HST VI Photometry of Six LMC Old Globular Clusters

The following tables contain the results of photometry performed on Hubble Space Telescope WFPC2 images of the Large Magellanic Cloud globular clusters NGC 1754, 1835, 1898, 1916, 2005, and 2019. The magnitudes reported here were measured from Planetary Camera F555W and F814W images using DoPHOT (Schechter, Mateo, & Saha 1993) and afterwards transformed to Johnson V/Kron-Cousins I using equation 9 of Holtzman et al. (1995PASP..107.1065H). We carried out photometry on both long (1500 sec combined in F555W, 1800 sec in F814W) and short (40 sec combined in F555W, 60 sec in F814W) exposures. Where the short exposure photometry produced smaller errors, we report those magnitudes in place of those measured from the long exposures. For each star, we give an integer identifier, its x and y pixel position as measured in the F555W PC image, its V and I magnitude, the photometric errors reported by DoPHOT, both the V and I DoPHOT object types (multiplied by 10 if the reported magnitude was measured in the short exposure frame), and a flag if the star was removed during our procedure for statistical field star subtraction. Summary of data reduction and assessment of photometric accuracy: Cosmic ray rejection, correction for the y-dependent CTE effect (Holtzman et al. 1995a), geometric distortion correction, and bad pixel flagging were applied to the images before performing photometry. For the photometry, we used version 2.5 of DoPHOT, modified by Eric Deutsch to handle floating-point images. We found that there were insufficient numbers of bright, isolated stars in the PC frames for producing aperture corrections. Aperture corrections as a function of position in the frame were instead derived using WFPC2 point spread functions kindly provided by Peter Stetson. As these artificially generated aperture corrections agree well with ones derived from isolated stars in the WF chips, we trust that they are reliable to better than 0.05 mag. In agreement with the report of Whitmore & Heyer (1997), we found an offset in mean magnitudes between the short- and long-exposure photometry. We corrected for this effect by adjusting the short-exposure magnitudes to match, on average, those of the long exposures. Finally, we merged the short- and long- exposure lists of photometry as described above and transformed the magnitudes from the WFPC2 system to Johnson V/Kron-Cousins I, applying the Holtzman et al. (1995PASP..107.1065H) zero points. Statistical field star subtraction was performed using color-magnitude diagrams of the field stars produced from the combined WF frames. Completeness and random and systematic errors in the photometry were extensively modelled through artificial star tests. Crowding causes the completeness to be a strong function of position in the frame, with detection being most difficult near the cluster centers. In addition, we found that crowding introduces systematic errors in the photometry, generally <0.05 mag, that depend on the V-I and V of the star. Fortunately, these errors are well-understood. However, unknown errors in the zero points may persist at the ~0.05 mag level.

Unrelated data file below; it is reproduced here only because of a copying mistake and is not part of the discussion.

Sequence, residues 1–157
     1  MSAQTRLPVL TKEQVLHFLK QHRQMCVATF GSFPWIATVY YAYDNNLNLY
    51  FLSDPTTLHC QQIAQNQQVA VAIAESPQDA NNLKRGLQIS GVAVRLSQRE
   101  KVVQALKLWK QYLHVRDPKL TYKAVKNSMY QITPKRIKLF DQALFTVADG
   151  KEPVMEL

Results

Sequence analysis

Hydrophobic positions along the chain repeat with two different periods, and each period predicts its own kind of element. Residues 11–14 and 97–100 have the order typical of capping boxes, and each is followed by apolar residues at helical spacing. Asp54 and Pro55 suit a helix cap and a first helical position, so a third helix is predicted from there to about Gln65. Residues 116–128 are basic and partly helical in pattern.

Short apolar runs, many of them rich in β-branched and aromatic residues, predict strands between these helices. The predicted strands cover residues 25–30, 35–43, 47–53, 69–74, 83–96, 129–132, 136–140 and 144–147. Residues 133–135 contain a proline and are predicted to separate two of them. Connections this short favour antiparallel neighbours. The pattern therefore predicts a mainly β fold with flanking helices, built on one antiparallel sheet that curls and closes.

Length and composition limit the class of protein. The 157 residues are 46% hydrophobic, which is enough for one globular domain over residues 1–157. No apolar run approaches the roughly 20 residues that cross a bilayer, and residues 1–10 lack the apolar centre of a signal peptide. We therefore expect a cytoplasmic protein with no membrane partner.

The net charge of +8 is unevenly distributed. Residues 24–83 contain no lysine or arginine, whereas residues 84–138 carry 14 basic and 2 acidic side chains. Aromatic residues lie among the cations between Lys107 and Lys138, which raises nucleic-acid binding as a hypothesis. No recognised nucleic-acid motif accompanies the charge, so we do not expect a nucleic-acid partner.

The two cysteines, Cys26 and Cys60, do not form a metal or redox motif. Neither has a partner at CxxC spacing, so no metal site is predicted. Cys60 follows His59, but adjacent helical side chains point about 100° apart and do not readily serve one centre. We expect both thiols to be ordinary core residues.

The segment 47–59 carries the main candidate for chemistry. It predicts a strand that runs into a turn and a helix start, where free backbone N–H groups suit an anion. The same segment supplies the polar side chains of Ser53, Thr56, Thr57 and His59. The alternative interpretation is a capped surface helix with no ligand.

Source https://dc.g-vo.org/rr/q/lp/custom/CDS.VizieR/J/MNRAS/300/665
Related Identifier https://cdsarc.cds.unistra.fr/viz-bin/cat/J/MNRAS/300/665
Related Identifier http://vizier.cds.unistra.fr/viz-bin/VizieR-2?-source=J/MNRAS/300/665
Metadata Access http://dc.g-vo.org/rr/q/pmh/pubreg.xml?verb=GetRecord&metadataPrefix=oai_b2find&identifier=ivo://CDS.VizieR/J/MNRAS/300/665
Creator Olsen K.A.G.; Hodge P.W.; Mateo M.; Olszewski E.W.; Schommer R.A.,Suntzeff N.B.; Walker A.R.
Publisher CDS
Publication Year 1999
Rights https://cds.unistra.fr/vizier-org/licences_vizier.html
OpenAccess true
Contact CDS support team <cds-question(at)unistra.fr>
Resource Type Dataset; AstroObjects
Discipline Astrophysics and Astronomy; Galactic and extragalactic Astronomy; Natural Sciences; Observational Astronomy; Physics; Stellar Astronomy